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Old 2013-03-10, 08:25 AM
getliquid getliquid is offline
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Default basement finishing permit

anyone recently finished a basement in Ottawa recently?

I'm starting to get quotes to finish my basement, 3 quotes later which is all close in price, all the companies say all I need is a ESA permit for electrical BY LAW, there is no point on getting the permit from the city because all it does is increase your property tax by 20-40%. Also they said I'm not adding in a washroom so no plumbing or structural changes are being made.
Is this true?

The companies are all big ones in Ottawa and not off of kijiji, one of them did 10++ basements within my area in the past year, and after talking to some of the purchasers only one of them actually got a city permit.

Any lawyers here? Am I opening myself to lawsuits if I sell a house without a basement permit in the future? I would think since all the electrical is certified by ESA, and there are obviously no structrual changes since basically all I'm doing is covering up the sides with drywall, dry core/laminate. the buyer should get their own home inspection anyways?

Last edited by getliquid; 2013-03-10 at 08:40 AM.
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Old 2013-03-10, 08:40 AM
foxborough foxborough is offline
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Building permits are required when you are completing a basement. Here is the link to the City of Ottawa website: http://ottawa.ca/en/homeowners-guide...ished-basement.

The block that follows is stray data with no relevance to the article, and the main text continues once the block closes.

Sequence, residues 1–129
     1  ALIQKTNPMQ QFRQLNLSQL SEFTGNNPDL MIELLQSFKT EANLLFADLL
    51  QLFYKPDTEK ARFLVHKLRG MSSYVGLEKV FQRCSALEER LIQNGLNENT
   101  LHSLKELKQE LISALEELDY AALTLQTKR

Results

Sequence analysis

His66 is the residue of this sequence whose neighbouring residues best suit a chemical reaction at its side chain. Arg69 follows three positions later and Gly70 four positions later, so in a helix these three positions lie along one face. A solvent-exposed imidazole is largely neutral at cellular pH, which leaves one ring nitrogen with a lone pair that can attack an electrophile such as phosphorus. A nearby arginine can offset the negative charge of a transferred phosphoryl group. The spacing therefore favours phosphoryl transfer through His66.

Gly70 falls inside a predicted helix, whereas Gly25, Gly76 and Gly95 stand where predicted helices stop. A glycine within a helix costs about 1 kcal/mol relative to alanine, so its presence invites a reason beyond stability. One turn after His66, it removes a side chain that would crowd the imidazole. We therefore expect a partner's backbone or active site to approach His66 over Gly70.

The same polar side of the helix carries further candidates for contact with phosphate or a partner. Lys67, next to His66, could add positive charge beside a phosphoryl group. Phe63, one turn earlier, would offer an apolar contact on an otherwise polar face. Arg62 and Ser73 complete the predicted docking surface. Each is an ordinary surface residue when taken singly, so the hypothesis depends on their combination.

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Old 2013-03-10, 08:51 AM
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For guidance, look at the 'required inspections' in the link above.

I'm assuming there is no 'structural' framing.
Are they insulating and installing any new vapour barrier?

Putting up some drywall and a couple of interior partitions they (the city) may not be interested in.

No permits = no inspections. So depends on how much you trust them ....

Pretty much every Holmes on Homes show finds behind the walls problems that inspections would have identified and avoided.
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Old 2013-03-10, 09:17 AM
getliquid getliquid is offline
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Quote:
Originally Posted by good2know View Post
For guidance, look at the 'required inspections' in the link above.

I'm assuming there is no 'structural' framing.
Are they insulating and installing any new vapour barrier?

Putting up some drywall and a couple of interior partitions they (the city) may not be interested in.

No permits = no inspections. So depends on how much you trust them ....

Pretty much every Holmes on Homes show finds behind the walls problems that inspections would have identified and avoided.
they are framing a room for the heater/dryer/washer, and framing a closet to cover the electrical box. I'm in a Richcraft single and thought its already insulated/vapour barriered? Between the wood on outside of the basement walls its already got the pink stuff which I assume is the insulation, and the clear vapour barrier over it...

basically the work involves framing a room for the dryer/washer/furnace, drywall on the outside walls, dry-core floor then laminate with vapour barrier padding and ceiling. And whatever needs to be code for the electrical stuff.

I know ESA inspector will come before the dry wall is up to certify all the wiring, but what does the city inspector actually do? check the framing? There is nothing to be done inside the walls or anything is being modified... basically all is required is covering it.

Last edited by getliquid; 2013-03-10 at 09:19 AM.
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Old 2013-03-10, 09:24 AM